Last week I introduced some new thinking about three key elements to building effective relationships: Understanding—Value—Trust. Over the week, I tested some of my thinking and an assessment tool with a handful of you. One big question that was raised is:

“What kind of relationship do I really need with this particular stakeholder?”

A very good question since  you will want to focus any work to strengthen a relationship with a clear intention.

Two Questions to Ground Your Relationship-Building Activity

  1. What outcome (i.e., result) am I committed to for which this stakeholder is a key relationship? Think big and small outcomes. Is there a deliverable, a key decision, an internal or external relationship etc. for which you share some accountable? Do you share accountability for implementing a change in operating process or culture?
  2. What is the underlying purpose for the relationship? Try not to make any assumptions before you think. For example, if the stakeholder is your boss, the purpose may be to funnel your results or an integration of your results with his or her team’s broader business outcome. A senior stakeholder relationship may purely be approval of your recommendations or some outcome far more complex such as organization reputation or “face” to the market.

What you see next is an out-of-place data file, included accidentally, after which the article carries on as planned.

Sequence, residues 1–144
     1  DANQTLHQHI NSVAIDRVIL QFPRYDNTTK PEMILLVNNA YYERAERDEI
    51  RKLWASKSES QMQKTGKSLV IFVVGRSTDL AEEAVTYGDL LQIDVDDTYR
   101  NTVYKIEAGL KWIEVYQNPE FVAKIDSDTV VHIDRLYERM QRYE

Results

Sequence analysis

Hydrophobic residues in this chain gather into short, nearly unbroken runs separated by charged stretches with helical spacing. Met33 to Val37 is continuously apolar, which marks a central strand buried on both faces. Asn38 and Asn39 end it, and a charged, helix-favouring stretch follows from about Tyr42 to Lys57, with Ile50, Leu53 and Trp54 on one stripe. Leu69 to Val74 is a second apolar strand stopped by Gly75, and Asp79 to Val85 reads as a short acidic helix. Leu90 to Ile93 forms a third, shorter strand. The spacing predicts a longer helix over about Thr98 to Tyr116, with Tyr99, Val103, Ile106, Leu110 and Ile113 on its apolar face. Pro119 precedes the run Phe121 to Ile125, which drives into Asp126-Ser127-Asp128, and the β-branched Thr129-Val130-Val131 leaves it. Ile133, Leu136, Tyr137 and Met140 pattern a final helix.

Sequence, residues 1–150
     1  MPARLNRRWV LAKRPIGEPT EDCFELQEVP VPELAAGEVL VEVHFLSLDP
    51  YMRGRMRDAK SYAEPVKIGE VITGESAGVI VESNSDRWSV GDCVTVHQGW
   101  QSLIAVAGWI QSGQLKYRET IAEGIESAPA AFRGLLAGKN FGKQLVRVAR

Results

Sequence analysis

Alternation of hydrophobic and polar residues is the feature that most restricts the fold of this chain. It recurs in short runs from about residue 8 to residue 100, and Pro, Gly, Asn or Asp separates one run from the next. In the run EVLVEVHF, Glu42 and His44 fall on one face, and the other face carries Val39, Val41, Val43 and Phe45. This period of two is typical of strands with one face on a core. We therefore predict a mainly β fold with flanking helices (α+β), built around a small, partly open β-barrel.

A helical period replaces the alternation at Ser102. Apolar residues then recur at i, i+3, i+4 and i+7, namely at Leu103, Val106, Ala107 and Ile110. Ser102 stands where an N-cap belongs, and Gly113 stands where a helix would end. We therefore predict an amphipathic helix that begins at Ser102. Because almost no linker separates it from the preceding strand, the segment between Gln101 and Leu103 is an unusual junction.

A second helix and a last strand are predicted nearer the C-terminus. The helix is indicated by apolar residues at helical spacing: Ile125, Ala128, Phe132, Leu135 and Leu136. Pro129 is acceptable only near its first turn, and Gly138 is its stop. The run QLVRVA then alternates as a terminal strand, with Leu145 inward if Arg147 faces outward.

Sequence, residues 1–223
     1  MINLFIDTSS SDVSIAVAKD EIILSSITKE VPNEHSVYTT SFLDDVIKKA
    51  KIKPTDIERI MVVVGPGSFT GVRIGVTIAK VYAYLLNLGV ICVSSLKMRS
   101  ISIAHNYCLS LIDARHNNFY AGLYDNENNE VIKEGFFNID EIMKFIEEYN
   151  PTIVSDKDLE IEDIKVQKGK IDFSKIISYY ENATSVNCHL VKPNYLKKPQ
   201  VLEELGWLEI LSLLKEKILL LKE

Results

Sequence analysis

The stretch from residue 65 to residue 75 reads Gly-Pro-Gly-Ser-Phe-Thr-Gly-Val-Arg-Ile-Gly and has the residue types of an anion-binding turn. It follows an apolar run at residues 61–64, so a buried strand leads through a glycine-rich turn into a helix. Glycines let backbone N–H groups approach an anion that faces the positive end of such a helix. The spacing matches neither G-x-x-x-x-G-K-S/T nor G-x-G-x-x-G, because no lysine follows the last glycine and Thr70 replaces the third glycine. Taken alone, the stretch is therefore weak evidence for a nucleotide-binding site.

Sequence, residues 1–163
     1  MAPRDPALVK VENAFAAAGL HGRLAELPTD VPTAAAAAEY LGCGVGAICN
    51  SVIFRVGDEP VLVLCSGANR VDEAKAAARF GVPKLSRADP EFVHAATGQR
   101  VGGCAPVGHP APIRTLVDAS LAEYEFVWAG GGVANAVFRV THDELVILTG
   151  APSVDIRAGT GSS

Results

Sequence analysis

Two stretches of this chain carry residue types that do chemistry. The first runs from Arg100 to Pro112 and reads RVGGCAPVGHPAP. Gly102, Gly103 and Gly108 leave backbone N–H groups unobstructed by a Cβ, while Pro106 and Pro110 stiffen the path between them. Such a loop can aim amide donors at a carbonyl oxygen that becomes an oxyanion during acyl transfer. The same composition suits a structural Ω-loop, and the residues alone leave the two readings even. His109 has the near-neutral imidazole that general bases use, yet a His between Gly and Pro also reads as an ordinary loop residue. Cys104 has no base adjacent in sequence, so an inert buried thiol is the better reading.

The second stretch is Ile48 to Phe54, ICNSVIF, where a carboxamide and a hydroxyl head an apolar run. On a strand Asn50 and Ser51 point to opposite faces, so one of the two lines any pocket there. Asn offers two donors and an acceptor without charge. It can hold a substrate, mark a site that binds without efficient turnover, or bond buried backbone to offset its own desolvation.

Three Core Types of Relationships

Given the shared outcome and purpose, what type of relationship do you need? In reflection,  we might say there are (at least) three types of relationships.

  1. Transactional: When a give and take of some value or work product, such as information, analysis, approval, etc. is sufficient.
  2. Collaborative-Colleagial: When the result you are targeting requires some shared work product, decision-making, idea generating, problem solving, etc.
  3. Trusted Advisor: When you or your stakeholder need insight and ideas or solutions that are complex, sensitive, and may require confidentiality in the thinking process.

Think about one of your key stakeholders and answer the two questions and consider the three types above. Then, turn to these questions with words to describe the relationship:

  1. What relationship do I need?
  2. What relationship do I want?
  3. What do I know about how this person thinks about relationship?

The last question is important, because a relationship takes two people. If you naturally want a collaborative-colleagial relationship, but your stakeholder doesn’t seem to want that type of relationship, you have to factor that into your planning.